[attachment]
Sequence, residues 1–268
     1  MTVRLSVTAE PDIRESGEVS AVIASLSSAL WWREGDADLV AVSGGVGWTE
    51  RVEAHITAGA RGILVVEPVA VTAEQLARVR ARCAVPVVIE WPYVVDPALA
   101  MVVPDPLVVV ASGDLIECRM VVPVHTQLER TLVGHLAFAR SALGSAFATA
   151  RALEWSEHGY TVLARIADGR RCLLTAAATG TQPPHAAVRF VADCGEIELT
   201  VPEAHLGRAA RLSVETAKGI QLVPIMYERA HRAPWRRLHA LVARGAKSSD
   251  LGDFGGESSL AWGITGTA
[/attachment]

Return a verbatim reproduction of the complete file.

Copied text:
Sequence, residues 1–268
     1  MTVRLSVTAE PDIRESGEVS AVIASLSSAL WWREGDADLV AVSGGVGWTE
    51  RVEAHITAGA RGILVVEPVA VTAEQLARVR ARCAVPVVIE WPYVVDPALA
   101  MVVPDPLVVV ASGDLIECRM VVPVHTQLER TLVGHLAFAR SALGSAFATA
   151  RALEWSEHGY TVLARIADGR RCLLTAAATG TQPPHAAVRF VADCGEIELT
   201  VPEAHLGRAA RLSVETAKGI QLVPIMYERA HRAPWRRLHA LVARGAKSSD
   251  LGDFGGESSL AWGITGTA